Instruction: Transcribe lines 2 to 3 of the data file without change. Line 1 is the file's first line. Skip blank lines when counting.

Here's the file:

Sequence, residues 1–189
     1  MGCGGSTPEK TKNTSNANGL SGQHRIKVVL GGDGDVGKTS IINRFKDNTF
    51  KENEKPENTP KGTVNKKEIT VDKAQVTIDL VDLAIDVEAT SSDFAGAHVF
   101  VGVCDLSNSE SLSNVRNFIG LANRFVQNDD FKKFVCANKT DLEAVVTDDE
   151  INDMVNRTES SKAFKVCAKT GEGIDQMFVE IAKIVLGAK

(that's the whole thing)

     1  MGCGGSTPEK TKNTSNANGL SGQHRIKVVL GGDGDVGKTS IINRFKDNTF
    51  KENEKPENTP KGTVNKKEIT VDKAQVTIDL VDLAIDVEAT SSDFAGAHVF